Principally, it is possible to cut both connection tube ends of FIG. 7 along the angled edge 263 so that another sectional plane is made onto which a further tube piece could be connected as in FIG. 9.
In order to realize a symmetrical arrangement, the angle line 263 shown in FIG. 9 could be bent with the result of the sectional planes 363, 463 which, together with e.g. the sectional plane 63, are each 180° apart.
This way a construction shown in FIG. 10 is possible, that is an arrangement of three stands at an angle of 120° to each other, to each of which illuminants can be attached. The whole construction can then be hooked to a ceiling, for example.
A finished angle element could also be made by welding two, three or more metal tubes together for example in a star form, so that the hollow inner spaces meet at the corner or star points. Subsequently hollow insulating tubes, which have an inner thread, are pushed into hollow metal tubes and are then either clamp pressed or glued into the interior of the metal tubes, so that they are stable. Subsequently, the inner conductors, such as threaded rods, could be screwed into the hollow insulating tubes so far that they meet at the corner or star points and create electrical contact.
Alternatively, however, a connecting tube could be attached to the area of connection 63 as was described in detail in FIG. 6 with 280. This way geometrical constructions are possible such as shown in FIG. 11, in which a four-sided pyramid is shown. The corners have three tubes running together, whereas two of the tubes could be formed as shown in FIG. 7 and then arranged with a further tube that is vertically set like the tube 280 in FIG. 5.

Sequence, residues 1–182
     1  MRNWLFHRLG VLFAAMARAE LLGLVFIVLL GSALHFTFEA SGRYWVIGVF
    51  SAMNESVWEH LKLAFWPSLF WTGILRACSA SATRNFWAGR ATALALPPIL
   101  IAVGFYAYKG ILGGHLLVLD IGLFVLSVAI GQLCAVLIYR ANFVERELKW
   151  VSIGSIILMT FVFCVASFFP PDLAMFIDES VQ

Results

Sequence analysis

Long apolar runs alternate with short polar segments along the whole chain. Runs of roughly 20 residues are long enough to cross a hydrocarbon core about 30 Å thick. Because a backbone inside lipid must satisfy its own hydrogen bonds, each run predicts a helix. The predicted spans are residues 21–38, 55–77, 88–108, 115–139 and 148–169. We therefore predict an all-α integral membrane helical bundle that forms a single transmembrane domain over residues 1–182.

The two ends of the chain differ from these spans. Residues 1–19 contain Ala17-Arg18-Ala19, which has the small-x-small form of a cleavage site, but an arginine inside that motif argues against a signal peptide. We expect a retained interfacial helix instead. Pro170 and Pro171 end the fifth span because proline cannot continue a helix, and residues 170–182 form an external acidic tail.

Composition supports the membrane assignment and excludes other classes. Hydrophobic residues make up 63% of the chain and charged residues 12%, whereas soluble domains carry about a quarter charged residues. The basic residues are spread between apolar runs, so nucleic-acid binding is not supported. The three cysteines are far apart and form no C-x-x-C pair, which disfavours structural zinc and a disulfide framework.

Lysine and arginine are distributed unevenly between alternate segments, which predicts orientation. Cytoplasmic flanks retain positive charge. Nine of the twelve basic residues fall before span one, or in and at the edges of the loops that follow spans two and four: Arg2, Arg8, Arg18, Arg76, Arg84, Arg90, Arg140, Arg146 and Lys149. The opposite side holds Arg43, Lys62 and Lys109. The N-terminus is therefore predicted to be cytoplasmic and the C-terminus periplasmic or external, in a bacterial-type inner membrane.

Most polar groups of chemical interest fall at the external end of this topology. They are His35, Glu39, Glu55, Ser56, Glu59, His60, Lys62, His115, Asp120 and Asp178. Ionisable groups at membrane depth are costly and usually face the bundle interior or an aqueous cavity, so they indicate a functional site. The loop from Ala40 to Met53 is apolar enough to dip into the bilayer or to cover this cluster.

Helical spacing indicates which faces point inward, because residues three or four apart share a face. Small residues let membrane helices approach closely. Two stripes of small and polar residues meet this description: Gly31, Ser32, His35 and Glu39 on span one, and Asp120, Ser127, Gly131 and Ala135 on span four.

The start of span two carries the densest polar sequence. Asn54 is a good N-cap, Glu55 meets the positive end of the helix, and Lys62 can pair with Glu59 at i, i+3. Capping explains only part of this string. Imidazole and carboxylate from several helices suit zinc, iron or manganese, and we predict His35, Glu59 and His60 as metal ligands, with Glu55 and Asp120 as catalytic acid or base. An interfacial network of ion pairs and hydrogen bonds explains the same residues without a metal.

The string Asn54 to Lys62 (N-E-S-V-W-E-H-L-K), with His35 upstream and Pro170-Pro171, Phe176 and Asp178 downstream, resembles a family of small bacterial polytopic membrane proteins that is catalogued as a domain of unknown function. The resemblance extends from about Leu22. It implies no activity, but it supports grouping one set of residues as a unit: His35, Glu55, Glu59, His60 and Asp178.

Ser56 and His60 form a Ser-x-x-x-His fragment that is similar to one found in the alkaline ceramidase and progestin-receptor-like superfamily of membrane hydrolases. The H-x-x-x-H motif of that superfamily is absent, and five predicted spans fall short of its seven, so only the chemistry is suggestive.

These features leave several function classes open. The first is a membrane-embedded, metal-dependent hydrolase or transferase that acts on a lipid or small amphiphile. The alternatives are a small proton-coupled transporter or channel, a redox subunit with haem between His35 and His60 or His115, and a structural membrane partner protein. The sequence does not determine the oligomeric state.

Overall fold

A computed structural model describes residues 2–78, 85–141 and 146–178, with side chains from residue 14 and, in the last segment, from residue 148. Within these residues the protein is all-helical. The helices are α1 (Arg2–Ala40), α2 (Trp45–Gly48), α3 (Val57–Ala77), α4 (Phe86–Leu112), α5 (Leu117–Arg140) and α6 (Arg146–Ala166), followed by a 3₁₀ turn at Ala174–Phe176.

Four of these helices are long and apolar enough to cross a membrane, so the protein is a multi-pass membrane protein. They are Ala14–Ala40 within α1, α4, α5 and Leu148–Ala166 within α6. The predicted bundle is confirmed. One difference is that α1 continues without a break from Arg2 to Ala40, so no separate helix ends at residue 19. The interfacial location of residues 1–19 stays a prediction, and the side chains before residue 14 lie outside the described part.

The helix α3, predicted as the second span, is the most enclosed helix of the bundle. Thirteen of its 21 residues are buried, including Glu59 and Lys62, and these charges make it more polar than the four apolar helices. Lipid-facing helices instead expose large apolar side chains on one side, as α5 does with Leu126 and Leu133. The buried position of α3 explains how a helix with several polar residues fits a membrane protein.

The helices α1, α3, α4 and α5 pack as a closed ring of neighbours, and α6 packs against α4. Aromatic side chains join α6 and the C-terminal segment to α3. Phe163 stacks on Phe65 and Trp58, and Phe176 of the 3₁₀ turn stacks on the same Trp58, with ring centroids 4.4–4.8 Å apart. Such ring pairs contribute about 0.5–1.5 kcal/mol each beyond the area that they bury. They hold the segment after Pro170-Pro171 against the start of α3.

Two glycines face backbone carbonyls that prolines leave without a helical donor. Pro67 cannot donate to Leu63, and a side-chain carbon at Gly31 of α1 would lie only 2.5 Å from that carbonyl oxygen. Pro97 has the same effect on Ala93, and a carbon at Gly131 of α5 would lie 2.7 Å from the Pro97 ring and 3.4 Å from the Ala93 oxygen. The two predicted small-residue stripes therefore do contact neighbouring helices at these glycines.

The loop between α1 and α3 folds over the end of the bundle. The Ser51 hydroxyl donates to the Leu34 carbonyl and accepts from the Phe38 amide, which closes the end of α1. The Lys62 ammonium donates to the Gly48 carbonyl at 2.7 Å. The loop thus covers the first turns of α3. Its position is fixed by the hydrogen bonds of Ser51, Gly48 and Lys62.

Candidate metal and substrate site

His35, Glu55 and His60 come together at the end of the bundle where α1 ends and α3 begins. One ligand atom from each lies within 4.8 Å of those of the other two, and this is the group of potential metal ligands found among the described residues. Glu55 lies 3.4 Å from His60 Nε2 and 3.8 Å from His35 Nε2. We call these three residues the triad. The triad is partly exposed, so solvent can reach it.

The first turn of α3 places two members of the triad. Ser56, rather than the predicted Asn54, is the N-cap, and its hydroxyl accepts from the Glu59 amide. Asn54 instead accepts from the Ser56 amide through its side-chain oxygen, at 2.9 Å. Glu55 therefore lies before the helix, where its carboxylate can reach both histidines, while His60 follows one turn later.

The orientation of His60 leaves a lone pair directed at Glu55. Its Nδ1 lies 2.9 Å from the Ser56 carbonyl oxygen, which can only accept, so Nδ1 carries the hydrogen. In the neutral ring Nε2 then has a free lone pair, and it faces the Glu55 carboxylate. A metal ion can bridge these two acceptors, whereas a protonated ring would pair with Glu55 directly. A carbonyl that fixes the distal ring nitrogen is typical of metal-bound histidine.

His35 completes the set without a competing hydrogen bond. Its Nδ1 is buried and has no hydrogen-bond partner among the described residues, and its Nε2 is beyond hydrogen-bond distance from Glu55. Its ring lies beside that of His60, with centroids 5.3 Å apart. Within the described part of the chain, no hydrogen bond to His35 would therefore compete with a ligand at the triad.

As can be seen, the inventive construction is remarkably flexible and with the help of relatively simple hand-crafted steps, such as welding and screwing the inner tubes, lamp constructions of various forms and sizes can be fabricated without a great amount of separate pieces and complicated arrangements that are found in contemporary lighting technology.
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|6||*||Solken Lenchten Catalog, no date given.|
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|U.S. Classification||362/419, 362/249.09, 362/249.1, 362/413, 362/285|
|International Classification||F21V21/10, F21S6/00, F21V21/116, F21V21/30, F21V21/28, F21V21/108, F21S2/00, F21S8/04|
|Cooperative Classification||F21V21/12, F21V21/108, F21S8/04, F21V21/28, F21V21/116, F21V21/30, F21V21/002, F21S2/00, F21S6/006|
|European Classification||F21S6/00S2, F21V21/10, F21V21/28, F21V21/108, F21V21/116, F21S2/00, F21V21/30, F21S8/04, F21V21/002|
|Nov 19, 1999||AS||Assignment|
Owner name: COMMUNITY FIRST BANK, SOUTH CAROLINA
Free format text: SECURITY AGREEMENT;ASSIGNORS:SONNLEITNER, FERDINAND;ZIMMER, SUSAN ELIZABETH;REEL/FRAME:010388/0524
Effective date: 19991109
|Apr 16, 2001||AS||Assignment|
Owner name: SPICER DRIVESHAFT, INC., OHIO
Free format text: ASSIGNMENT OF ASSIGNORS INTEREST;ASSIGNOR:DANA CORPORATION;REEL/FRAME:011705/0638
Effective date: 20010323
|Jul 3, 2001||REMI||Maintenance fee reminder mailed|
|Dec 5, 2001||SULP||Surcharge for late payment|
|Dec 5, 2001||FPAY||Fee payment|
Year of fee payment: 4
|Jun 29, 2005||REMI||Maintenance fee reminder mailed|
|Dec 9, 2005||LAPS||Lapse for failure to pay maintenance fees|
|Feb 7, 2006||FP||Expired due to failure to pay maintenance fee|
Effective date: 20051209